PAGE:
I was very happy to read in that great book by the head of the Seminary, Prof. Kaplan, that at last you were sensible enough to abolish the outwork Dietary Laws.… May I suggest that to publish this great epoch making step on yor [sic] part you arrange an outing to take place next Saturday afternoon. I shall be only too glad to furnish the buses and pay for the dinner at some prominent seashore resort. There you could enjoy the finest CLAM BAKE or PIG ROAST [emphasis his] ever served by a Gentile to Jewish Rabbis. You will all of you have a very fine time and at the same time let the world know that the old superstition about the Sabbath and food have no place in modern Jewish life. See Letter from Jason Cohen to anonymous “Rabbi”, 30 June 1934, Faculty Files, RG 3, Box 2, Folder 1, The Ratner Center Archives of The Library of JTS, New York. For more information on Kaplan’s displeasure at the seminary, see Scult, 203–240. 12 For information about the hotel when it was built, see “Flock to Inspect the Biggest Hotel,” New York Times (30 December 1912): 18. 13 Yiddish Radio Project, php3?content=photos&pg=1&photo_pg=2. (accessed 19 April 2010). 14 Ibid. 15 Jewish Reconstructionist Foundation, Inc., Invitation to 1945 convention, Jewish Reconstructionist Foundation Records, I–71, Box 8, Folder 5, the American Jewish Historical Society (AJHS), New York. 16 The exclusion of Baruch Spinoza from the seventeenth-century Amsterdam Sephardic community has often been taken as a symbolic opening salvo of the emerging Enlightenment emancipation from closed religious sectarianism. See Steven Nadler, Spinoza: A Life (Cambridge:

Cambridge University Press, 2001), 116–54.

17 Kaplan Diary, 16 June 1945 (Volume 13, 1944–1946), found in the Ira and Judith Kaplan Eisenstein Archives at the Reconstructionist Rabbinical College, Philadelphia. 18 It is significant that Agudat HaRabbanim uses the term “rabbis”—transliterated as such in the Hebrew—for JTS graduates, instead of the Hebrew word for rabbis, “rabbanim.” 19 “Asefat HaHerem,” HaPardes 19, no. 4 (July 1945): 2. 20 For an extensive comparison between Kaplan’s text and the 1946 Conservative Sabbath and Festival Prayer Book, see Eric Caplan, From Ideology to Liturgy: Reconstructionist Worship and American Liberal Judaism (Cincinnati: Hebrew Union College Press, 2002), 112–120. Caplan suggests that the Conservative RA editors shared many of the same theological concerns that Kaplan did, but they responded to them by changing the English translations rather than the Hebrew prayers themselves. Kaplan and his students certainly knew the contents of the Conservative siddur, because both Milton Steinberg and Ira Eisenstein were on the original committee for the siddur, and the main editor of the text, Morris Silverman, conferred with Kaplan during the editing process. See Caplan, 112. 21 “On Burning of a Prayer Book,” The Jewish Exponent (22 June 1945): 4. 22 In defending Kaplan, the RA mentioned explicitly that while the actions of Agudat HaRabbanim were abhorrent, the Conservative movement did not endorse the siddur. See “On Burning of a Prayer Book.” The RA published The Sabbath and Festival Prayer Book in 1946. 23 Rosenberg specifically pointed to Kaplan’s excision of shefokh hamatkha, a paragraph in the haggadah that asks God to “Pour out [God’s] wrath on the enemy nations that do not know [God].” 24 Kaplan also confronted this theologically and philosophically troubling issue while writing the haggadah, particularly in relation to responding to the challenges of the Holocaust. See Jack Cohen, Major Philosophers of Jewish Prayer in the Twentieth Century (New York: Fordham University Press, 2000), 163–164. Eisenstein reflected on this in his autobiography:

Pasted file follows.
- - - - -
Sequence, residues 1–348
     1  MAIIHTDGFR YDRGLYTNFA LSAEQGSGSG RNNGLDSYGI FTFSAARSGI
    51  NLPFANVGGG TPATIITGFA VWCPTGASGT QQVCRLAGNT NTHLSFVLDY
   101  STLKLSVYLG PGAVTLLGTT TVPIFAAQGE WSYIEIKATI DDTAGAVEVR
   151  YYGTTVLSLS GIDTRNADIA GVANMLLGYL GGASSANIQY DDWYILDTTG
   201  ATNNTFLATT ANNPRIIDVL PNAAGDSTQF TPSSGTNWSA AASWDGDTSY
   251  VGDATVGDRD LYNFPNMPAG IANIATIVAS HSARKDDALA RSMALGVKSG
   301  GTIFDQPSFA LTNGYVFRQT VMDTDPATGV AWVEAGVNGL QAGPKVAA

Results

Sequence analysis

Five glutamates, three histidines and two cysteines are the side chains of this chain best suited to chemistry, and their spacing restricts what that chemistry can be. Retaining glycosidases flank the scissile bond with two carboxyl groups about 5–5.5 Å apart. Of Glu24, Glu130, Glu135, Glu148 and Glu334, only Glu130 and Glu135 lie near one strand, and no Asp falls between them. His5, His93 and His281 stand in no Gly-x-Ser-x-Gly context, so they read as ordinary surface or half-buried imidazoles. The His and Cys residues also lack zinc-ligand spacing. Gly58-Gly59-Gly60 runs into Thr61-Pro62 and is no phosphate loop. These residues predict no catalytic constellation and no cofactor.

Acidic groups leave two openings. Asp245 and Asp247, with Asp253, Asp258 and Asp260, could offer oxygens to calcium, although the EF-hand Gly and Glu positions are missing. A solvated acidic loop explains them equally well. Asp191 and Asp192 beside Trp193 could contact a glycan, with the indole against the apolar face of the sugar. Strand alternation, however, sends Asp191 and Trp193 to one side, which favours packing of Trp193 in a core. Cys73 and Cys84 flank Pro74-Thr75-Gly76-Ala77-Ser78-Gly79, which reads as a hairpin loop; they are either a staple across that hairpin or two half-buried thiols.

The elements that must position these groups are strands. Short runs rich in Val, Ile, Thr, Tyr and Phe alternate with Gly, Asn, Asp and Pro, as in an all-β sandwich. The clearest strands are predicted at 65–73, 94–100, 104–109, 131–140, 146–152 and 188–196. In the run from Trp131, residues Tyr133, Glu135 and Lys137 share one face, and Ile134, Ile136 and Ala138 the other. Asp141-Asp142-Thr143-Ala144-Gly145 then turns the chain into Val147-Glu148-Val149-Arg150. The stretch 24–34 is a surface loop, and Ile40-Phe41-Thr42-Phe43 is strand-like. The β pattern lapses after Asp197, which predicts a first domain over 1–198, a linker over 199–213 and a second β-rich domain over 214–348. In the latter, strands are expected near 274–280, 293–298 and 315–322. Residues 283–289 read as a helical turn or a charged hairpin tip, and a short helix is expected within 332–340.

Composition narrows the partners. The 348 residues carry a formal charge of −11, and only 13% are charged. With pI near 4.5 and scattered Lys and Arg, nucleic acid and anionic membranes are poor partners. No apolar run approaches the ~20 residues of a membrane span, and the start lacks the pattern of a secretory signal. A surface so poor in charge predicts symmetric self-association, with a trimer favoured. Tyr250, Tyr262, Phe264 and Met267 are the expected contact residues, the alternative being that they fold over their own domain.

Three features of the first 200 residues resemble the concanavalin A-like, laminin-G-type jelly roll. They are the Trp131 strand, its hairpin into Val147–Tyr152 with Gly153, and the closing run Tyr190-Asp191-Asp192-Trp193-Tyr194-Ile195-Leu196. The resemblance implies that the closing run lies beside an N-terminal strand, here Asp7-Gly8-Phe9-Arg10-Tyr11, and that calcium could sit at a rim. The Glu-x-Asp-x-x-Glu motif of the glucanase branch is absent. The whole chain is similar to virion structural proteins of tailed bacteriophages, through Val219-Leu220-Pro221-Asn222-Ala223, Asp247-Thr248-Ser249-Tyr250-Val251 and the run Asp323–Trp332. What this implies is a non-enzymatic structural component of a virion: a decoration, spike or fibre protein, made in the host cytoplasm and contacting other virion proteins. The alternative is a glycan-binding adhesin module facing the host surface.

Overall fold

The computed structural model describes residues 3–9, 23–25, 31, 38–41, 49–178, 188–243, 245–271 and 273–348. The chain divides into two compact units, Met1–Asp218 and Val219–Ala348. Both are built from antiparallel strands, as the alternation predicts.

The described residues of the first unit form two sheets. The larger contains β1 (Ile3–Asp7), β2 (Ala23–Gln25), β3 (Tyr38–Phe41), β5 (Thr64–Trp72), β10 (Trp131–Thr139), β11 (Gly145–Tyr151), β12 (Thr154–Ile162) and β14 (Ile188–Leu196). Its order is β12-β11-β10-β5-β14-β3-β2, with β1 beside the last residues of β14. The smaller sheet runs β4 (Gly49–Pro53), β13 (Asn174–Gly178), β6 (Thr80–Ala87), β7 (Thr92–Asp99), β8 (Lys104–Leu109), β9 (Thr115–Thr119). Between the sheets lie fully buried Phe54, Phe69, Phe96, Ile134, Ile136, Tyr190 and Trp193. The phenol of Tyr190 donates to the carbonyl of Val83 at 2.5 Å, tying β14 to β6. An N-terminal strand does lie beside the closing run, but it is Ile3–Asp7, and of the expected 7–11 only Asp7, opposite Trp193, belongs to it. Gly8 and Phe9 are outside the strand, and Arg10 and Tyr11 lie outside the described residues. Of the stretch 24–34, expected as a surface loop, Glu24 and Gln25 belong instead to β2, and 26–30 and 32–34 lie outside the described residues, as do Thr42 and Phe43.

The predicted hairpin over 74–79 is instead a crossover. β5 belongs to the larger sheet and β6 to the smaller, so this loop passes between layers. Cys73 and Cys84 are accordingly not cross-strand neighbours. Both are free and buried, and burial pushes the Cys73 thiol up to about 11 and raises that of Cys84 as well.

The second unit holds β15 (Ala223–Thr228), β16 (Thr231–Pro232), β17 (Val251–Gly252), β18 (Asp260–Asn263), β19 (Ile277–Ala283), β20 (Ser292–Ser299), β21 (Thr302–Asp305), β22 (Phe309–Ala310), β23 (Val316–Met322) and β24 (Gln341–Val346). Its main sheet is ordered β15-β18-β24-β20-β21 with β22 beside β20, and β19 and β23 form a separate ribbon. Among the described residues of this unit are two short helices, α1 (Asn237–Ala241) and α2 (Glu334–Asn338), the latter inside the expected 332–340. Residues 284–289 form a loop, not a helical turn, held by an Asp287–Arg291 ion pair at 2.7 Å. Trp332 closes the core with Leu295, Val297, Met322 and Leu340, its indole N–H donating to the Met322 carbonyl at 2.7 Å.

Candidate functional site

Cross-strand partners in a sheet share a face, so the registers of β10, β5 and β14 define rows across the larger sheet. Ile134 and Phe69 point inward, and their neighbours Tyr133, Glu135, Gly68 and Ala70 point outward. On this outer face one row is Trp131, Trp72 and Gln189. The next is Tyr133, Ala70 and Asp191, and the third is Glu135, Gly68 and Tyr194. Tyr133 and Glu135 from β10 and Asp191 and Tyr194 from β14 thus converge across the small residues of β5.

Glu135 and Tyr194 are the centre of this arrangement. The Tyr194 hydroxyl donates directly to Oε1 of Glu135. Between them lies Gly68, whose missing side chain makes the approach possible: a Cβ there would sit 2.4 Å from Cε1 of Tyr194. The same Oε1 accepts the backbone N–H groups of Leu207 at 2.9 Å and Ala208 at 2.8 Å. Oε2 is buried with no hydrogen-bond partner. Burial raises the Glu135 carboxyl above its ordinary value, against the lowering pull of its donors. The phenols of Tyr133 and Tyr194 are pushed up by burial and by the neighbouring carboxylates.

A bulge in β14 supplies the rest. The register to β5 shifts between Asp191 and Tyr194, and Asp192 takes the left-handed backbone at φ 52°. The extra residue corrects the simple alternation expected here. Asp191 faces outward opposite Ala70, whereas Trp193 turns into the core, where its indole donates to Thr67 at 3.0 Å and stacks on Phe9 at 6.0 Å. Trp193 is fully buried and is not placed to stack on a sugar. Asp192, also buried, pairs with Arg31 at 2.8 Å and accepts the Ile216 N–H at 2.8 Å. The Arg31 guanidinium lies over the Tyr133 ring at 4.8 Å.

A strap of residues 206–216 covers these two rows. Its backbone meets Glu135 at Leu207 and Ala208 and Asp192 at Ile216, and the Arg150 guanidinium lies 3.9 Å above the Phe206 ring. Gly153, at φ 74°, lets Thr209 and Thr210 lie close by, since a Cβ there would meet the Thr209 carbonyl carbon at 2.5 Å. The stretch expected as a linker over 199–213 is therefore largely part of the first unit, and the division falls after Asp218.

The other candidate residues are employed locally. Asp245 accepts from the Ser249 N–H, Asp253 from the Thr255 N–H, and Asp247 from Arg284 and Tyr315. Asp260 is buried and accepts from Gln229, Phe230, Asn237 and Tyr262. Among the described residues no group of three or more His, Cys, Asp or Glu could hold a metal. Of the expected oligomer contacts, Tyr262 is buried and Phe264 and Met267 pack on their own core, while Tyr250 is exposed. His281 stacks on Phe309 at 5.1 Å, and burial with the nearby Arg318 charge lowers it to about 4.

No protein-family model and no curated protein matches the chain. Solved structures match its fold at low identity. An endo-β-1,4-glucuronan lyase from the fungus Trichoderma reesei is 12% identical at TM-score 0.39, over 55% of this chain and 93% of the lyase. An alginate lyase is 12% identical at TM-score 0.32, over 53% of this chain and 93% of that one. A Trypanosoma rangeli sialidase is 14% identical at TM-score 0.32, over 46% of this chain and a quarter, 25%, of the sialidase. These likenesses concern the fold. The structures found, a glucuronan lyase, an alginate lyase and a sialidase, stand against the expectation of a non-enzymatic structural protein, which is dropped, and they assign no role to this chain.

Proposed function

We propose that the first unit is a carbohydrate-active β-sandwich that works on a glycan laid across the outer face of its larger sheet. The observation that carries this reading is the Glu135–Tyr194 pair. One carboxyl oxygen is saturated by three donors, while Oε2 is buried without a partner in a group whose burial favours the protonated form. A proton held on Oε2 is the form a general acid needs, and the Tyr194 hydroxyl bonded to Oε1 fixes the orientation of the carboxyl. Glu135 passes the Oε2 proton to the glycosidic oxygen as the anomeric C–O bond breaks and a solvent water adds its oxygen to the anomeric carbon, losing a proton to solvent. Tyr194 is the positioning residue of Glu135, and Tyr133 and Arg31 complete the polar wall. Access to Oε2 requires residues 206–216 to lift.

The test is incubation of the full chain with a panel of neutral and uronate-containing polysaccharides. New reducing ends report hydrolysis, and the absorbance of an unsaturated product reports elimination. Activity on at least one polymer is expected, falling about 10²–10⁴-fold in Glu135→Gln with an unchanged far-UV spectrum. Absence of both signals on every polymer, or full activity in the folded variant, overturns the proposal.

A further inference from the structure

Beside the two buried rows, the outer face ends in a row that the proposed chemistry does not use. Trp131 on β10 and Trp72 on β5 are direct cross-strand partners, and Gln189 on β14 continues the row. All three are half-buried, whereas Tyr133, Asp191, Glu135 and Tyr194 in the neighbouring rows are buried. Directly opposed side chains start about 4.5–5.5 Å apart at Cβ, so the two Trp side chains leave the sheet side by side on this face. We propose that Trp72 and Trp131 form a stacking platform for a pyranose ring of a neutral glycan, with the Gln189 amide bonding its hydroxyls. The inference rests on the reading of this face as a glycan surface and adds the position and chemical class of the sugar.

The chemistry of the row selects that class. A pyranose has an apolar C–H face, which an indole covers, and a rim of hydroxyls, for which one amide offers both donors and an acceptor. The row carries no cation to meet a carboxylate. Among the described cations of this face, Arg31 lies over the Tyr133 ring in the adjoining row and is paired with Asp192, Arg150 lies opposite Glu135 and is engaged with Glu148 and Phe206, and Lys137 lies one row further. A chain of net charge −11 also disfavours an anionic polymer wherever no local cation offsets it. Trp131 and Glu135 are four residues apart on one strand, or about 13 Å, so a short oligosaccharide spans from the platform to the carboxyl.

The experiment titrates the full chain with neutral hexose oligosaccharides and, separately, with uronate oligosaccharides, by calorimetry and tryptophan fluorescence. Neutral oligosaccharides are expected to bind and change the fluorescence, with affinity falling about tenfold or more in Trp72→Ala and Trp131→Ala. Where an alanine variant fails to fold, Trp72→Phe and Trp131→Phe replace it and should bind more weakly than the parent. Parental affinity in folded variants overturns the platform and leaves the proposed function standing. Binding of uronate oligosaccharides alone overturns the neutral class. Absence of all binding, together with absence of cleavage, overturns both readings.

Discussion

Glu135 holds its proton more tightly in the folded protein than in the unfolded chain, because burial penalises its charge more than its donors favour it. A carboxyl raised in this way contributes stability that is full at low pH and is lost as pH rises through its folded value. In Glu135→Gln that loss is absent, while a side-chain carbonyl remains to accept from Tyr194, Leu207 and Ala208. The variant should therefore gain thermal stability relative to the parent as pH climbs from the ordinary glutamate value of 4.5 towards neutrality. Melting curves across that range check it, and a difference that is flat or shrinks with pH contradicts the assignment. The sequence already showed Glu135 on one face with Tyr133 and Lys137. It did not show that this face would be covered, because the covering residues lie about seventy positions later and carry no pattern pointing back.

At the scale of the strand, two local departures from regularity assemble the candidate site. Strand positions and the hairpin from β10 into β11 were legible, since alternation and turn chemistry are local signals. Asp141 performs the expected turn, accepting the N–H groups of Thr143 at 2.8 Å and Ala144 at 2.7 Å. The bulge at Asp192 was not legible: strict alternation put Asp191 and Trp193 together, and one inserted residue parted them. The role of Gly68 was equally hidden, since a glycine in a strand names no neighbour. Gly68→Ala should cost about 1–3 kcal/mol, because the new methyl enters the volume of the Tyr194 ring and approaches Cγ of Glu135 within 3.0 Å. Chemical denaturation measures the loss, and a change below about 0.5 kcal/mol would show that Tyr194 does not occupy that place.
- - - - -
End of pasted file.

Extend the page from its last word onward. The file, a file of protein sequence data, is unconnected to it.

If the haggadah was to be edifying, and if our purpose was to engage the attention of young people, we should omit all texts which smacked of cruelty and vengeance. I can truly testify that he never reckoned with possible gentile reactions. Knuckling under was a stance he resolutely eschewed. See Eisenstein, Reconstructing Judaism, 164. 25 “Asefat HaHerem,” 2. 26 Ibid. Also see Simon Noveck, Milton Steinberg: Portrait of a Rabbi (New York: Ktav Publishing House, Inc., 1978), 183. 27 The first psalm speaks about not following “in the counsel of the wicked,” a fitting liturgical piece for an excommunication. 28 It is unclear who actually burned the siddur, as the report in HaPardes uses the passive voice. See “Asefat HaHerem,” 2. 29 Noveck, 183. 30 “Asefat HaHerem,” 2. 31 The July 1945 issue of HaPardes illustrates this very irony. On the same page as part of the herem document, there is another article titled “Et Hasereifa Asher Saraf HaShem: Ba’me Enahem?” (“The burning that God burned: How shall we gain mercy?”), which laments the passing of Rabbi Aharon Pechenikís’s father, murdered by the Nazis. The parallelism of burning—one committed against the Jewish people and one by the Jewish people—is eerie. 32 “Nosah Hahlatat HaHerem,” HaPardes 19, no. 4 (July 1945): 3. 33 Ibid. 34 Ibid.

35 The document cites Babylonian Talmud, Berakhot 33, Megillah 17. See “Nosah Hahlatat HaHerem,” 3. 36 Following the statement, “This man raises his hand to scatter against the Members of the Great ”

Assembly,” the text inexplicably spells out the following word twice in Hebrew: “!